“The board has e-mail blasts now and then on important matters. We can reinforce that on a more frequent and regular basis,” Promisel mentioned. “It would be helpful to put out a simplistic understanding of the budget and tax levy calculation so more people could understand, get engaged and jump on board through advocacy.”
Promisel said the priority when schools reopen is safety.
“We need to consider how to establish socialization as well as education,” she said. “We might have split weeks with one week using Zoom where students can see the teacher and the rest of the class and another week actually at school.”
Vamossy was born and raised in Westchester and has lived in Pleasantville with his wife and three daughters for 17 years. His children are currently in fifth, eighth and 10th grades.
For the last 10 years, he has coached a variety of sports and has been board president for Pleasantville FC, a nonprofit youth soccer organization in the village, managing programs for more than 600 children.
Vamossy, a former CPA, currently works at Pfizer and leads the Emerging Markets Medical Excellence team.
Vamossy served on the district’s Principal Selection Committee and the superintendent’s Growth and Enrollment Committee.
“I’m running for the school board because I believe I could make a difference,” Vamossy said. “I have a lot of experience in the community and I’m well positioned to put my experience to good use.”
In light of the altered school year because of the coronavirus pandemic, a main priority for Vamossy is getting students safely back to school in September.
“Students need the connection with teachers and their peers,” he said. “It may look like a blended learning model with a staggered approach of every other day to start, and we may have to put kids in large spaces like the cafeteria to spread them out.”
For Vamossy, the coronavirus has offered the academic world a silver lining in the form of technology for remote learning.
“We’ve jumped in the technology pool with both feet and we are still figuring it out,” he said. “We have to take what we’ve learned and implement it so it enhances, engages and augments learning with teachers, administrators and the community.”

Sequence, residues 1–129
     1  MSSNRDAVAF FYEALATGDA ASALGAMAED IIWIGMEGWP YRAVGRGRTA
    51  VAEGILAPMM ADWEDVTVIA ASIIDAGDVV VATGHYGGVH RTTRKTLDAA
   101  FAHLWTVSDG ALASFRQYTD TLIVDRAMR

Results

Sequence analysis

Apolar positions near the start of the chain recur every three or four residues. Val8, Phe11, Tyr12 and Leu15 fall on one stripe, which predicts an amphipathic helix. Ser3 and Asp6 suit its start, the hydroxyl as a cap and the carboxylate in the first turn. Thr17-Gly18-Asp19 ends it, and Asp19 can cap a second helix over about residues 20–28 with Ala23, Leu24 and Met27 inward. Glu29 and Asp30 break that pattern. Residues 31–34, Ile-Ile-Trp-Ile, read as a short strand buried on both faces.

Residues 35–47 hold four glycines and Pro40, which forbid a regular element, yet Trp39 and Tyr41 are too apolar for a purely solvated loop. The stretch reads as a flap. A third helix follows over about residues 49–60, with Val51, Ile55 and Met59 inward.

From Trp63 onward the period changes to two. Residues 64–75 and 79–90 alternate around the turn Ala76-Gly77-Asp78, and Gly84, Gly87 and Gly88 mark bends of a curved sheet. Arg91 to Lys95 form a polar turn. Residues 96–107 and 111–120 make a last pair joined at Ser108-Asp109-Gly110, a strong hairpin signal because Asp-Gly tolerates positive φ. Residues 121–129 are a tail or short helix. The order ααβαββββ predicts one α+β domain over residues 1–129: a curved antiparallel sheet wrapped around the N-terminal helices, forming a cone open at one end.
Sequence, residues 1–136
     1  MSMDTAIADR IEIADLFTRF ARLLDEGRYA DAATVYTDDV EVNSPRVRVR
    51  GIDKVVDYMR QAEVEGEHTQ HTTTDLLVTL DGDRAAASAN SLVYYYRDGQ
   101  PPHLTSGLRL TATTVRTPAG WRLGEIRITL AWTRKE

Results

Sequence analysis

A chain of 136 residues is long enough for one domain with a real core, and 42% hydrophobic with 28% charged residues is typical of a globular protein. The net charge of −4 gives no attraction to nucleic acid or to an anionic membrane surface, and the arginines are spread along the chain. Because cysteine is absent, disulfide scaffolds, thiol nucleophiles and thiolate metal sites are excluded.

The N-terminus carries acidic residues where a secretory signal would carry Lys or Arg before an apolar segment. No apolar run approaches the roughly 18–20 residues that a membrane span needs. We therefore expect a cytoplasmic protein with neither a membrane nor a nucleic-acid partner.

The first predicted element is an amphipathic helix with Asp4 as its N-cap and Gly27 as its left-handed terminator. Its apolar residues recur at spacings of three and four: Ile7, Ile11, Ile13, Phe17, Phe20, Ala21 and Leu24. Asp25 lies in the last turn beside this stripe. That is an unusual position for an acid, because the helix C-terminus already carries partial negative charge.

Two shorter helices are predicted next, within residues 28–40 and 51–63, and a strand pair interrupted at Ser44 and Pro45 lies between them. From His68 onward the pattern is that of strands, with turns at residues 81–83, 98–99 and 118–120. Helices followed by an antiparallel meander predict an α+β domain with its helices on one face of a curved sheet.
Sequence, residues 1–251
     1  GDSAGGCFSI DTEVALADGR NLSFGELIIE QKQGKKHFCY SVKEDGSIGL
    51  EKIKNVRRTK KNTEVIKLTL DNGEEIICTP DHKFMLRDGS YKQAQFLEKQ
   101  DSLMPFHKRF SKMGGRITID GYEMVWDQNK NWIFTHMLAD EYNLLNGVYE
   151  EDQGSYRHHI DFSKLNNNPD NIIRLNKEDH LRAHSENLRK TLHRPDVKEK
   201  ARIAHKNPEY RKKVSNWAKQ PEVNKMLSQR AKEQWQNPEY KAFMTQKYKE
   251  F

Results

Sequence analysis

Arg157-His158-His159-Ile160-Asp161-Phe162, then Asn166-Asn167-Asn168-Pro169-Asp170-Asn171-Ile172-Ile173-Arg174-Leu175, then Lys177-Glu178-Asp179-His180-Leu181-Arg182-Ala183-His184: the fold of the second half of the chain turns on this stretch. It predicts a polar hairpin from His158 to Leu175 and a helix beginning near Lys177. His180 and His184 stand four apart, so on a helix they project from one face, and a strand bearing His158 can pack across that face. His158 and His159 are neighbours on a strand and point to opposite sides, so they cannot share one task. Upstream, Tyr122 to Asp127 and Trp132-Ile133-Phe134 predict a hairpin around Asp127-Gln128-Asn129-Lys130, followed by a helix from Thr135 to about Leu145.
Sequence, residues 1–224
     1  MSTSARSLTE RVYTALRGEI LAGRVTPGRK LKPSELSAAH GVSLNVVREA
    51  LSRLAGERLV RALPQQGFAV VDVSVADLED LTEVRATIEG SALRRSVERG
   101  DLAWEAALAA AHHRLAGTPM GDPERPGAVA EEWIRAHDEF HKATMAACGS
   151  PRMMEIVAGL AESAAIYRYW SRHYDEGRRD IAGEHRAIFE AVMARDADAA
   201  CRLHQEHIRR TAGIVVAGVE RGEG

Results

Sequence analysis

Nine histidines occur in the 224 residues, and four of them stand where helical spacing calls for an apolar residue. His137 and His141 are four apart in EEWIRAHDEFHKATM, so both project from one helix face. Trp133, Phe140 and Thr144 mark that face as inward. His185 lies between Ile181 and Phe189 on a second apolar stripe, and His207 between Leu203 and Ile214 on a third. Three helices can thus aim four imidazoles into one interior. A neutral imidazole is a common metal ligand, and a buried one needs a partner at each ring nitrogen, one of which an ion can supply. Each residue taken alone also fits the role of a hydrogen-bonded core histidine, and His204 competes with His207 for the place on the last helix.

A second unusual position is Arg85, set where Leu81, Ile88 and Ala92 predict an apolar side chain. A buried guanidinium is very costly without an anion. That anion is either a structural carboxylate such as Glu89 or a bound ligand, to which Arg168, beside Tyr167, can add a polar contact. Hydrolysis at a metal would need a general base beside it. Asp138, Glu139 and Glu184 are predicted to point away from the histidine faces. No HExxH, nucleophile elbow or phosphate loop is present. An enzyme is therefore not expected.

The 2026 Strategic Plan is also critical.
“We have to prioritize and balance the resources available from the community and the state with what is required for the children,” Vamossy said. “These are challenging economic times and we can be innovative and find great ideas to move forward.”
Angela Vella was first elected to the board in 2014, was vice president in 2015-16 and has served as president for the past four years. Vella said she wants certain initiatives to move forward such as Pleasantville Schools 2026, the district’s five-year strategic plan.
“I’d like to see some of the second phase get done,” said Vella, an engineer and 23-year Pleasantville resident. “Work is starting this summer on the buildings and I’d like to be around for that part of the project.”
Vella said more effort has been expended by the board in its role as advocates, especially during the COVID-19 crisis. The board’s website has an advocacy tab with a sample letter parents can e-mail to representatives stressing the importance of avoiding major aid cuts from the pandemic’s impact.
“Our advocacy work is front and center,” said Vella. “We have to fight just to maintain state aid and not have it taken away, especially in a high-performing district like ours. We are trying to get to the next level but regulations limit us or add costs to what we are already doing.”
Vella, who also served on the Technology Committee, said if schools reopen in the fall, there are many variables to consider, including the continuation of remote and e-learning. Ongoing professional development to improve remote learning and presenting an effective blended model with classroom teaching may be necessary. Staggered schedules are being researched as well.
“We may have half the students attend school in the morning and the other half in the afternoon,” Vella said. “We also have to look at cleaning the buildings, perhaps having thermometers on site and looking at what spaces can accommodate students to maintain social distancing. We are relying on guidelines from the county’s Department of Health.”